• Idiopathic Thrombocytopenic Purpura (ITP)

This disorder is quite common in young women and has been known to be associated with Celiac disease. In people with thrombocytopenia or its more serious cousin,ITP, the immune system attacks and destroys the platelets responsible for blood clotting. Since the blood does not clot properly, people with this disorder bleed and bruise easily and may notice patches of red bruising on their arms, legs, and trunk. In the case of petechiae, medical attention should be sought immediately as this is indicative of heavy internal bleeding. If you often have nosebleeds, heavy menstrual periods, periods of extreme fatigue, and easy bruising, it could be ITP.


  • Alcoholism

Alcoholism can cause red bruising in the face, especially the nose area. Excessive alcohol consumption thins the blood and causes capillaries in the face to burst, resulting in a constant red, rash-like bruise.

  • Liver Disease

Liver disease often leads to a condition called cholestasis, whereby bile transit has either been reduced or stopped. Symptoms of this condition include dark urine, pale stool, small spider-like blood vessels on the skin, and easy bleeding.

  • Sepsis

Sepsis occurs when the body has an extreme response to bacteria known as a systemic inflammatory response syndrome. In sepsis, the body usually goes into shock as toxins build up in the blood or tissues. This is an uncommon cause of red bruising and is often accompanied by such severe symptoms; it cannot be mistaken for anything else.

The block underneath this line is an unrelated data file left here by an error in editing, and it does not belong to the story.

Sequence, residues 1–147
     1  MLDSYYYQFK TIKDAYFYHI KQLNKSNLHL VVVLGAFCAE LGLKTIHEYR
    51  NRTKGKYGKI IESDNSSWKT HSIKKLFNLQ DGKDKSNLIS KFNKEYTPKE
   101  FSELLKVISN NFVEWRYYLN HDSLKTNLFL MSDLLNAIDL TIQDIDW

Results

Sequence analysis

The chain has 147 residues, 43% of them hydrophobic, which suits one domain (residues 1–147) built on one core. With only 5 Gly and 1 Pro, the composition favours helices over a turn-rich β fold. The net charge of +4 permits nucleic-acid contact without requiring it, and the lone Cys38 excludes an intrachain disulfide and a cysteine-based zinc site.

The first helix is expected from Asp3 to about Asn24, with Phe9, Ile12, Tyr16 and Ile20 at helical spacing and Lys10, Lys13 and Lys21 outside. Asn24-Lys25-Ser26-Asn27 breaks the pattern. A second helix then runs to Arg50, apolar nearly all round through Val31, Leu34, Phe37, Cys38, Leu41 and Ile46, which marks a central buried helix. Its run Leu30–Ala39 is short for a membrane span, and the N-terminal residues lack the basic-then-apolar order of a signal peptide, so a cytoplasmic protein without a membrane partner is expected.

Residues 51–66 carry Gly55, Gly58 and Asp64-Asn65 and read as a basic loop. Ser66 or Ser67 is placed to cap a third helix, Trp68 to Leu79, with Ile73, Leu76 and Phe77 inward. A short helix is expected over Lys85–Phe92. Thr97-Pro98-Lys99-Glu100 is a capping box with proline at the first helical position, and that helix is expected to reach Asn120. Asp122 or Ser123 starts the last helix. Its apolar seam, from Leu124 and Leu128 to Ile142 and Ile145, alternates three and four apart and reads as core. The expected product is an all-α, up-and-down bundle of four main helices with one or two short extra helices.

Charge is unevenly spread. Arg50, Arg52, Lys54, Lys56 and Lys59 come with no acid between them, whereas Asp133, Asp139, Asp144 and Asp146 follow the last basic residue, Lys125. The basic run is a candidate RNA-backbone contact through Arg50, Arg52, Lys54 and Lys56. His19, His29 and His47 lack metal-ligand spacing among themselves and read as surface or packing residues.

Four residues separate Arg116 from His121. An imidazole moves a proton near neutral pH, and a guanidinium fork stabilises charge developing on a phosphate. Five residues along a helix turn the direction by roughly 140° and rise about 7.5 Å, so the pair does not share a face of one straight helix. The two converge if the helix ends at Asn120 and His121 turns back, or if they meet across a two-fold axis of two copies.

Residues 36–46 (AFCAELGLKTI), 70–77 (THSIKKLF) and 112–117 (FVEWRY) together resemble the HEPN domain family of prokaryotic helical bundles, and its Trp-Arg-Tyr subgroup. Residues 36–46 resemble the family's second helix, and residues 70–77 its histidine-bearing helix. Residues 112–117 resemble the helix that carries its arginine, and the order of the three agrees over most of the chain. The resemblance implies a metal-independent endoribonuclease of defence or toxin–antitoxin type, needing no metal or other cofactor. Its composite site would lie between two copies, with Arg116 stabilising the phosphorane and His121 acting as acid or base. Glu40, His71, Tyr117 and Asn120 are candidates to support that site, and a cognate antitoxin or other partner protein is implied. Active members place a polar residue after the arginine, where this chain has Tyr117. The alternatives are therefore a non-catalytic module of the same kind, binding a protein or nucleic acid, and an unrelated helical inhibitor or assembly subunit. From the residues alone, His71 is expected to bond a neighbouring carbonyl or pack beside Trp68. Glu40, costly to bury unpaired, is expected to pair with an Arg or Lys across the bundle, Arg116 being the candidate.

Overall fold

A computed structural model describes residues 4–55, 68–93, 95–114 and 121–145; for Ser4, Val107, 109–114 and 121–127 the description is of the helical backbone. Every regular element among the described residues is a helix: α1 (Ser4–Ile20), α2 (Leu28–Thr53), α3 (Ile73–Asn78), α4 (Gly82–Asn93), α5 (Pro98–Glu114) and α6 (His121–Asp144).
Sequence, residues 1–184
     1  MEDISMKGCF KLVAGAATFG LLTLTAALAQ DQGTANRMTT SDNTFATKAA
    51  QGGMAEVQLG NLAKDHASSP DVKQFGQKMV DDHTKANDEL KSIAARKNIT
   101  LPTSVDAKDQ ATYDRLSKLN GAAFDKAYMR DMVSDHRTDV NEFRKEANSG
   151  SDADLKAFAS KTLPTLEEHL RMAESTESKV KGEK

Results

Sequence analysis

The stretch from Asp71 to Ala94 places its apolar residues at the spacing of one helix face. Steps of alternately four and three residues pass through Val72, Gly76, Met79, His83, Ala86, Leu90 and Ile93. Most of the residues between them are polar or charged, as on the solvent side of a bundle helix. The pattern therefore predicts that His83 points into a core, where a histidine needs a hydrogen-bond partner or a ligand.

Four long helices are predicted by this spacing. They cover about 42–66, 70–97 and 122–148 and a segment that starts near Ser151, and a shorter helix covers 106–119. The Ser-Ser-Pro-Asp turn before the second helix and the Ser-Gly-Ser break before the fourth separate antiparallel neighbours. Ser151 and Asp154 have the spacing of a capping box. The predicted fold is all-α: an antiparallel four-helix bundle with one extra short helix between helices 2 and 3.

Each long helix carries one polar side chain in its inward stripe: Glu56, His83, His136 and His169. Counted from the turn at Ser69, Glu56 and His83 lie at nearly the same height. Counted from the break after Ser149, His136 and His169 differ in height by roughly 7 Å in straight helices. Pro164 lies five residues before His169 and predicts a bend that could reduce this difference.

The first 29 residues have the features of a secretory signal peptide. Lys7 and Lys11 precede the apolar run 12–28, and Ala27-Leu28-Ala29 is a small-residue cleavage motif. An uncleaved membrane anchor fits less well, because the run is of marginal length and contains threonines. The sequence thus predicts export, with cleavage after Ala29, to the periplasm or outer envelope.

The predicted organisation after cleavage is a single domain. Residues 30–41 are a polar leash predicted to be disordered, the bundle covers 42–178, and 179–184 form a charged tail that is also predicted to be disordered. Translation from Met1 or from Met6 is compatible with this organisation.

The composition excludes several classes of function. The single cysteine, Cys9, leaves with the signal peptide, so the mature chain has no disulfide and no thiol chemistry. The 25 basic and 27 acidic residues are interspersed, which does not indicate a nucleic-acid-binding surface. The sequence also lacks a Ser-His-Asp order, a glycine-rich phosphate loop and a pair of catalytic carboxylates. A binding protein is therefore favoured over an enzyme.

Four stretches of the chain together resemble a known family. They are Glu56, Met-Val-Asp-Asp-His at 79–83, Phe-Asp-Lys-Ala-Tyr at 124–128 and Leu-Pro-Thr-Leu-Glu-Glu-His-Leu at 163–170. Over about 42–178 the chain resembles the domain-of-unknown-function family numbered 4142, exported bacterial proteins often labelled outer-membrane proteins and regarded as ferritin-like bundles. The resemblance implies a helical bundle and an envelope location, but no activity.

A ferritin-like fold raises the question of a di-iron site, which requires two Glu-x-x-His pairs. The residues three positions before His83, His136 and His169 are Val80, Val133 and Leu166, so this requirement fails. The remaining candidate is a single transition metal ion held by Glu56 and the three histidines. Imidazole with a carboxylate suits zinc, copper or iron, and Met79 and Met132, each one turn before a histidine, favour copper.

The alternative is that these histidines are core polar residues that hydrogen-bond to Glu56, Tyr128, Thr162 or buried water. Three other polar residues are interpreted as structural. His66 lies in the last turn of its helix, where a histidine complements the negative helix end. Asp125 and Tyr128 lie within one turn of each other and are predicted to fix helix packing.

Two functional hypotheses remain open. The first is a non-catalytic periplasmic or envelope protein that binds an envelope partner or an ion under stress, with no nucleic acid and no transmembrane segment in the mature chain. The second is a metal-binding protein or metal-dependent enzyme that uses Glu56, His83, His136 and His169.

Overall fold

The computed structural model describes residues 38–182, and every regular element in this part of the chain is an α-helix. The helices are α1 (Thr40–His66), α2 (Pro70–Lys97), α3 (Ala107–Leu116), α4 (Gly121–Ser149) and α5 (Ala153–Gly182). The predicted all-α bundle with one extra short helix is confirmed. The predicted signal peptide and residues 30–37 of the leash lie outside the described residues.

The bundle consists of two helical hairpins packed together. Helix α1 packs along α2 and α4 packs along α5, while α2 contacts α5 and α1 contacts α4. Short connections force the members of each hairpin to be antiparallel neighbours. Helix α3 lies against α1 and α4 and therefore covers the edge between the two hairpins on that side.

• Cancer

Sometimes mysterious red patches can indicate skin cancer. It may also be indicative of certain types of cancer such as Hodgkin’s Disease, leukemia or multiple myeloma.

Mysterious red bruising doesn’t always mean you have a serious physical illness. However, if you’re concerned about the red spots on your skin and are experiencing other strange symptoms, speak with your doctor. It is always best to rule out a serious medical condition before trying to treat the condition on your own. Whatever the cause for your mystery symptoms, don’t give up. Like I always say, you’re not alone and you’re not crazy!